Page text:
Reprinted from Eating Disorders Review
July/August 2003 Volume 14, Number 4
©2003 Gürze Books
A disturbed body image is common among persons with anorexia nervosa and bulimia nervosa, and is clinically and diagnostically important. A group at Oxford University has proposed a method for assessing body size estimation and body size dissatisfaction using mirror testing (Int J Eat Dis 2002; 32:458).
According to Drs. Roz Shafran and Christopher Fairburn, a major problem with existing research on body image is that patients estimate their size and report their dissatisfaction by using “life-size” images, usually in a mirror. This leads to a problem because the viewer assumes that the life-size image she sees is accurate, when it is not. In fact, the actual size of our reflection in a mirror is half our body size in real life. For example, the length of a mirror reflection of a person 160 cm in height and standing 1 meter away from a full-length mirror is actually 80 cm, not 160 cm.
Thus, to make clinical research on body size estimation and dissatisfaction clinically relevant, the authors developed a method for assessing perception of body size that resembled the real-life situation of looking at oneself in a mirror. They also sought to use the new method to provide preliminary data on body size estimation and body size dissatisfaction in participants with eating disorders and a group of controls. Fourteen women had eating disorders that were clinically severe: 4 had anorexia nervosa, 3 had bulimia nervosa, and 7 had eating disorders not otherwise specified (EDNOS). Twenty-four women without eating disorders were included as controls.
All women completed the Eating Disorder Examination Self-Report version (EDE-Q) on the day of, or a day before, their appointment. The day of their appointment, the women undressed down to their underwear in a darkened room with standardized lighting and stood opposite a full-length mirror at one end of the room. They stood as close to the mirror as they normally would when judging their size at home. The female researcher then stood beside the participant, facing the mirror, and photographed the participant’s reflection in the mirror with a digital camera positioned next to the participant’s eyes.
While checking with the participant, the researcher then marked the position on the mirror of the top of the participant’s head and the position of the participant’s toes.
The participant then read a neutral travel or news magazine while the digital image of the participant’s mirror reflection was downloaded to a computer. All other data except the participant and the mirror were removed from the image (because of the position, the researcher and camera were invariably included in the initial image). The final edited photograph was then projected onto a full-length screen next to the mirror so that the head and feet of the projected image were at the same height from the floor as the participant’s reflection in the mirror. The participant then was asked to stand at the same distance from the mirror as during the test, and was told that the photograph of her reflection in the mirror would be projected either wider than her true reflection, the same width as her true reflection, or narrower than her true reflection. The participant was asked to tell the researcher to adjust the projected image so that it matched “exactly what you see in the mirror.” For the body size estimation task, the participant was encouraged to look across at her reflection in the adjacent mirror and to adjust the projected image. Each task was completed twice, once starting with the image 50% wider than the participant’s actual reflection and once with the image 50% narrower than the actual reflection.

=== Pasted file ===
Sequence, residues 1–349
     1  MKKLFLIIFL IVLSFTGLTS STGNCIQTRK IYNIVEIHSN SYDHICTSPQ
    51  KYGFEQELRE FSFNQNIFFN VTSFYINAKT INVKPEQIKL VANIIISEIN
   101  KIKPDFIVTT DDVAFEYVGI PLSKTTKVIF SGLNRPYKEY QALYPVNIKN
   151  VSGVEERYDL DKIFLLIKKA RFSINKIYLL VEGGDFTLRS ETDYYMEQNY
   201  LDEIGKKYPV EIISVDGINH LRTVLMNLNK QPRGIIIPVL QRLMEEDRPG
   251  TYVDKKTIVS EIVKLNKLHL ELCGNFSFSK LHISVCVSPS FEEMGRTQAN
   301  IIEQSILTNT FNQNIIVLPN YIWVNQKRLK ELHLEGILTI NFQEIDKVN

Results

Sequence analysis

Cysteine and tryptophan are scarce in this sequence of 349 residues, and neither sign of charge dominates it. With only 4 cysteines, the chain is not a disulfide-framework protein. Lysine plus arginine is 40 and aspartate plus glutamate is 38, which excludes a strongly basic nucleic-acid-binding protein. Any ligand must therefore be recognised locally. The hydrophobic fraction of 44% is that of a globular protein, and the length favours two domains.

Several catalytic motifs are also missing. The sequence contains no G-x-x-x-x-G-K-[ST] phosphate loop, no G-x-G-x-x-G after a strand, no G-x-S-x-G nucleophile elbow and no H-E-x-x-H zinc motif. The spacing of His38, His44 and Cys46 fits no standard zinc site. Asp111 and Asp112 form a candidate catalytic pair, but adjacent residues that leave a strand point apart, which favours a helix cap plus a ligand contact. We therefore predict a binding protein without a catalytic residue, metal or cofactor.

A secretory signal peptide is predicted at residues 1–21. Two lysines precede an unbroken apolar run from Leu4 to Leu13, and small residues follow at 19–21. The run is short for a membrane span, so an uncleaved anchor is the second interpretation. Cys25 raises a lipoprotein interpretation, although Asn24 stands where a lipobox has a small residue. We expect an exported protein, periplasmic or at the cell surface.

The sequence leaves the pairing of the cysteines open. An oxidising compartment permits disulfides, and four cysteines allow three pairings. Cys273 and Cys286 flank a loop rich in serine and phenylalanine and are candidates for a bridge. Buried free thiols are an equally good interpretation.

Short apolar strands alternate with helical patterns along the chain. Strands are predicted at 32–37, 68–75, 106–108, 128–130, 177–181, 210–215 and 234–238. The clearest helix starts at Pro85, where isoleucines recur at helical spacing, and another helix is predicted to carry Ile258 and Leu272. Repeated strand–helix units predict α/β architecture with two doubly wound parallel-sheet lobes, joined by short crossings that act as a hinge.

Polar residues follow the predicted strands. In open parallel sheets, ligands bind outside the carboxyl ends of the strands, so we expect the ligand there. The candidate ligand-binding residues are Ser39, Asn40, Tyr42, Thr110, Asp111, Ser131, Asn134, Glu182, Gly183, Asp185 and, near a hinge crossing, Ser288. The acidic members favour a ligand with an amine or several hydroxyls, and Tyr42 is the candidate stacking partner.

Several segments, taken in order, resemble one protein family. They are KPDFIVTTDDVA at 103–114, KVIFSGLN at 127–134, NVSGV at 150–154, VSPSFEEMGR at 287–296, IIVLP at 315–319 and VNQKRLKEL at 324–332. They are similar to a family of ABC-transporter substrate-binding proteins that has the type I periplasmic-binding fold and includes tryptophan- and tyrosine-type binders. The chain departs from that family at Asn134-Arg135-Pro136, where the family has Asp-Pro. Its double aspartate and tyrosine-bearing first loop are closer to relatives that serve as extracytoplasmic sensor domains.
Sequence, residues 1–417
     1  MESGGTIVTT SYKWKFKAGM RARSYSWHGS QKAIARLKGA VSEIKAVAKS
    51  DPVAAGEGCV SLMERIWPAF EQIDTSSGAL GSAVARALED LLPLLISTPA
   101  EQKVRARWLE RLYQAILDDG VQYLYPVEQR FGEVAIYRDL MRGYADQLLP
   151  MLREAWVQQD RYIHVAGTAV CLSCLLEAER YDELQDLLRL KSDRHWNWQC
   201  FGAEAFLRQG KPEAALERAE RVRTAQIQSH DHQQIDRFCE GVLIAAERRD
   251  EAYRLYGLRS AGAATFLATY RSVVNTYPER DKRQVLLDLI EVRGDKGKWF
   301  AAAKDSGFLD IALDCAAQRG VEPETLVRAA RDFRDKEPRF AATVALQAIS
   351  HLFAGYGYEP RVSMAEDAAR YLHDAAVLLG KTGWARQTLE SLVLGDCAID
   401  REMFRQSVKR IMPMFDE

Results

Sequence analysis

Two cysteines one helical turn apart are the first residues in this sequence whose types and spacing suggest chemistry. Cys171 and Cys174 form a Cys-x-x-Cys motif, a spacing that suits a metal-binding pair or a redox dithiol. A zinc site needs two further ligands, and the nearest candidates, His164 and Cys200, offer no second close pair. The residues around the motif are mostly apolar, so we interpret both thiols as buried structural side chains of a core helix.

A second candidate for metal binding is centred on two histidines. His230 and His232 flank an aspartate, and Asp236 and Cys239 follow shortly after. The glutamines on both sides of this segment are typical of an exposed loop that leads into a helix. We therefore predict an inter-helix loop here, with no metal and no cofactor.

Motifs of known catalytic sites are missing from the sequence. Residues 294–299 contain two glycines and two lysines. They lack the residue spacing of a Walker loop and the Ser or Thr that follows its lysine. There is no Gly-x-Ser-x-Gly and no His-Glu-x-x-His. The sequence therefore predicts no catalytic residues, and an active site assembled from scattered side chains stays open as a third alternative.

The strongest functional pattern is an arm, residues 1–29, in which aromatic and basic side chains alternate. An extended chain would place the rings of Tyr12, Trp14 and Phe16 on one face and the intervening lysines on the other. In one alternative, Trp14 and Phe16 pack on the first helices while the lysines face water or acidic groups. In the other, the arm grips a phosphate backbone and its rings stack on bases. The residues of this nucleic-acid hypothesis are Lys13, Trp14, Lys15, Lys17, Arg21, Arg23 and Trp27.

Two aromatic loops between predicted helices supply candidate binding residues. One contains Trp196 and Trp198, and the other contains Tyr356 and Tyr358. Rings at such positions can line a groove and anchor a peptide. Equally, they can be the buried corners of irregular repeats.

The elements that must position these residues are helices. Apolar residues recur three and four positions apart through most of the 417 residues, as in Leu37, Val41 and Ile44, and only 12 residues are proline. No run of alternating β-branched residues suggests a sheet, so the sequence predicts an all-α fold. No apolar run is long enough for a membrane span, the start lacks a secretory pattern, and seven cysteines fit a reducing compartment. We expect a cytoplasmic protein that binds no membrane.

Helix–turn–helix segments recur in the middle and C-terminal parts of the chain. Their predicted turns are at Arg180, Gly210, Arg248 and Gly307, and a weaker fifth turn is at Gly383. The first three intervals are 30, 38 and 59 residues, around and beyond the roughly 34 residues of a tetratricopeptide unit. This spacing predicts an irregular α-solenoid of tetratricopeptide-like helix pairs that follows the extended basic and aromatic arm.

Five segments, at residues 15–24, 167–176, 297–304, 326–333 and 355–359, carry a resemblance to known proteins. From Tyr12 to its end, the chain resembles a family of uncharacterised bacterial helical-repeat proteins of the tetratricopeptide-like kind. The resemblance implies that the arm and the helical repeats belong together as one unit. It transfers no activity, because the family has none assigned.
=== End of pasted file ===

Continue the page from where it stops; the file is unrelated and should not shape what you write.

At the end of the experiment, the woman was weighed and her height was measured. She was also told how accurate she was at estimating her body size and was informed about the discrepancy between her actual size and desired size.
As expected, participants with eating disorders scored significantly higher on subscales of the EDE-Q and the global EDE-Q, and had significantly lower body mass indexes than the women without eating disorders. The group with eating disorders also overestimated their body size by a mean of 17% compared with controls. On average, those with eating disorders reported that they wished to be 23% smaller than their actual size and there was a trend for those with eating disorders to be more dissatisfied with their body size than were controls.
The aim of this study was to develop a method for assessing the perception of body size that resembled the real-life situation of seeing oneself in a mirror, rather than their memory of body size. Because mirrors are the most obvious and common ways in which people judge their body size, using the mirror method resembles the real-life situation of viewing oneself in a mirror. Some patients with eating disorders persistently look in the mirror, which can play an important role in maintaining an eating disorder.
The authors do point out that their study was small and was designed to develop a new method of assessing perception of body size and body size dissatisfaction, not to test hypotheses about patients with eating disorders and non-eating disordered controls. Thus, the results shouldn’t be used to draw conclusions about different types of eating of eating disorders.